The idea of today’s class was to do a quick march through Hobbes’s moral theory with an eye to his discussion of our topic: punishment.
We began by comparing Hobbes and Grotius on human nature. We talked quite a bit about Hobbes’s argument that people in the state of nature have a right to all things. This led to a comparison of Hobbes and Grotius on whether there is such a thing as justice outside of the state. (That’s what “natural justice” means.)
Finally, we looked at Hobbes’s argument for the right to resist punishment.
Grotius identified three meanings of the term “right” (Grotius 2005, 136–39, 147–59, 86 is helpful too). Hobbes collapsed these down to a part of the second: a right, for Hobbes, consists in liberty, meaning the absence of obligation. Someone who has a right to X is free to do X or has no obligation not to do X.
Rights, for Hobbes, are compatible with competition. Both A and B can have the same right to something, meaning neither does anything wrong by using the thing they both have a right to use. Think of a race. Everyone in the race has the right to win, meaning none of them would do anything wrong by winning. This is so even though if one of them wins the others, obviously, cannot.
By contrast, when Grotius says that a right is a “Faculty of demanding what is due, and to this answers the Obligation of rendering what is owing” (second meaning) (Grotius 2005, 139) or that it is “a Rule of Moral Actions, obliging us to that which is good and commendable” (third meaning) (Grotius 2005, 147) he is articulating a view of rights that does not tolerate competition: if something is due to you and others are obliged to provide it, they do not have the liberty to withhold it from you. (Grotius’s second sense of “right” also includes liberty; that is where he and Hobbes agree.)
We talked about Hobbes’s argument that the right of nature (14.1) leads to a right to all things in the state of nature (14.4).
As we noted, Hobbes needs a moral premise in the argument from 14.4. The right of nature supplies it.
Michael was correct to say that it’s important for Hobbes that this sort of argument applies only in the state of nature. People are not supposed to have the right to all things within the state. If they did, then the spiral of insecurity described in chapter 13 would be repeated within the state.
Hobbes himself saw this. Later in the book he wrote that:
Nature gave a right to every man to secure himself by his own strength, and to invade a suspected neighbour, by way of prevention: but the civil law takes away that liberty, in all cases where the protection of the law may be safely stayed for. (Hobbes 1993, 26.44)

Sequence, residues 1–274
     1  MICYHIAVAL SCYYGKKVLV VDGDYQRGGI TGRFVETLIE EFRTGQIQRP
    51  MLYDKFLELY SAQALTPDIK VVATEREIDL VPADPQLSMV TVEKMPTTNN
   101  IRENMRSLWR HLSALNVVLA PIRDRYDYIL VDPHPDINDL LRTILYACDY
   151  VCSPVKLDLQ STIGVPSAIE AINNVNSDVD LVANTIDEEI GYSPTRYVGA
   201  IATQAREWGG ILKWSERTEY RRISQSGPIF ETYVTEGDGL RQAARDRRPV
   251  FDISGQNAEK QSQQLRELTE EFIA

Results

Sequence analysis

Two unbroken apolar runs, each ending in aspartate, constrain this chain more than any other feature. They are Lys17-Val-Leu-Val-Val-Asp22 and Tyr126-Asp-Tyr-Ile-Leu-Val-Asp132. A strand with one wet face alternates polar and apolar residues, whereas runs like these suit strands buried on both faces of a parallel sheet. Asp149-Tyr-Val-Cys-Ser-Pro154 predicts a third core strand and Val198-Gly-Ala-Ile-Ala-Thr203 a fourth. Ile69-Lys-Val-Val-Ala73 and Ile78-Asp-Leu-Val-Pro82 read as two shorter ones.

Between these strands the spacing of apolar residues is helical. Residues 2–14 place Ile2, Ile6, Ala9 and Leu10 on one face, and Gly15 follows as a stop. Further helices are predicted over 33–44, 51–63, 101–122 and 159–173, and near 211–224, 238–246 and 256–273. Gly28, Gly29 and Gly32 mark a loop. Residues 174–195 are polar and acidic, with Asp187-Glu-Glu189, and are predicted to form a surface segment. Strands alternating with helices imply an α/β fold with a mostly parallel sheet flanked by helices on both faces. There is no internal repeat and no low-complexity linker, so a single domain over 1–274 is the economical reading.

Hobbes expected the right of nature to expand and contract with personal security: as your security goes up, what you have the liberty to do in defense of your own life goes down and vice versa. It is not obvious that his premises are compatible with this picture of how rights work. Why can’t people take whatever they might need for protection should the state fail? Or why can’t they do whatever might be useful in defending themselves against the state?
We finished by talking about the argument from 14.8 (it’s largely repeated in 14.29).
Michael thought the premise about voluntary acts having one’s own good as their object was incorrect; others disagreed.
Bogdan thought the premise that giving up the right to resist punishment cannot be for your own good was questionable. (I think he’s right for lots of punishments; I suspect Hobbes had capital punishment in mind.)
Sydney correctly noted that, for Hobbes, the liberty to resist punishment is independent of guilt: the guilty are just as free to resist punishment as the innocent are. She also noted that Hobbes rejected Grotius’s assertion that criminals have voluntarily obliged themselves to accept punishment.
“he that commits a Crime, seems voluntarily to submit himself to Punishment, there being no great Crime that is not punishable; so that he who will directly commit it, is by Consequence willing to incur the Punishment; in which Sense some Princes have pronounced Sentence upon a Malefactor thus, Thou hast brought this Punishment upon thy own Head, and they that take wicked Counsel, are then said to be punished for their Demerit, that is, to lay themselves under an Obligation of being punished by their own will” (Grotius 2005, 954)
Grotius, like Hobbes, thought that people had a right of self-defense that allows them to kill even those who are justly threatening them (such as soldiers in an opposing army) (Grotius 2005, 397). Hobbes thought it was only consistent to say the same thing about self-defense where punishment was concerned.
Grotius, Hugo. 2005. The Rights of War and Peace. Edited by Richard Tuck. Indianapolis: Liberty Fund.
Hobbes, Thomas. 1993. Leviathan. Edited by Mark C. Rooks. British Philosophy: 1600-1900. Charlottesville, VA: InteLex Corporation.